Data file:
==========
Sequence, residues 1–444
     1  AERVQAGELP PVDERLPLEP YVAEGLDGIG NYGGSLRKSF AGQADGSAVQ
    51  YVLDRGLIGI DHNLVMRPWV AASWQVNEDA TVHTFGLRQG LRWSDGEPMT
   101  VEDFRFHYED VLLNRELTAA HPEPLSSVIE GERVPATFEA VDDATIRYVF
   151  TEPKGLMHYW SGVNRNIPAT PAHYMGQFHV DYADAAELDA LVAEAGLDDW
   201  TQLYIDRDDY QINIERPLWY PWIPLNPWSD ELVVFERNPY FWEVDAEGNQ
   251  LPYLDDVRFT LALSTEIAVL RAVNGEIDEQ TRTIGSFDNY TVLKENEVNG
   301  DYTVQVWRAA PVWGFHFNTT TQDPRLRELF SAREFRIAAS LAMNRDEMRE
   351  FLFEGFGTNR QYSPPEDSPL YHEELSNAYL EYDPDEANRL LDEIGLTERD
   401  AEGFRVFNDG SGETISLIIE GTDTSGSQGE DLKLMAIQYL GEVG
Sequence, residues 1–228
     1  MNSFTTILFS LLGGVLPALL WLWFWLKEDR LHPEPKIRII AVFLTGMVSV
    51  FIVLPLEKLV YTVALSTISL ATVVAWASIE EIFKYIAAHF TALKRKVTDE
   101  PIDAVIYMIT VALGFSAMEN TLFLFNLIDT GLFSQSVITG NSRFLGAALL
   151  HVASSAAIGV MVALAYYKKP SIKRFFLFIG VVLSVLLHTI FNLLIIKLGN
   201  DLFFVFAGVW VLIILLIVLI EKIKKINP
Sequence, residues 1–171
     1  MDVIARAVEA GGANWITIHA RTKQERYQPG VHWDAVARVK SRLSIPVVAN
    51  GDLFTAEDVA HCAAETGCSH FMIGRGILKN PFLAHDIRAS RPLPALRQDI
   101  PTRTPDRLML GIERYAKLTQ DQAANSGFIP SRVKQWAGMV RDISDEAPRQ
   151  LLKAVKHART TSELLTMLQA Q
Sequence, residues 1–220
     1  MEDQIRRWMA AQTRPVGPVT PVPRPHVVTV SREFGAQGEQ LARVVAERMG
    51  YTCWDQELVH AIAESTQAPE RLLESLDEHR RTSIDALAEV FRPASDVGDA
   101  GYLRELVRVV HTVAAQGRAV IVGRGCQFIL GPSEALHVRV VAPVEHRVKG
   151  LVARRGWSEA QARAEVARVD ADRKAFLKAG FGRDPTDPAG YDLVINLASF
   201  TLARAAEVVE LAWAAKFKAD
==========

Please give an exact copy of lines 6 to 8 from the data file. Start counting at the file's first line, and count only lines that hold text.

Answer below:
   201  TQLYIDRDDY QINIERPLWY PWIPLNPWSD ELVVFERNPY FWEVDAEGNQ
   251  LPYLDDVRFT LALSTEIAVL RAVNGEIDEQ TRTIGSFDNY TVLKENEVNG
   301  DYTVQVWRAA PVWGFHFNTT TQDPRLRELF SAREFRIAAS LAMNRDEMRE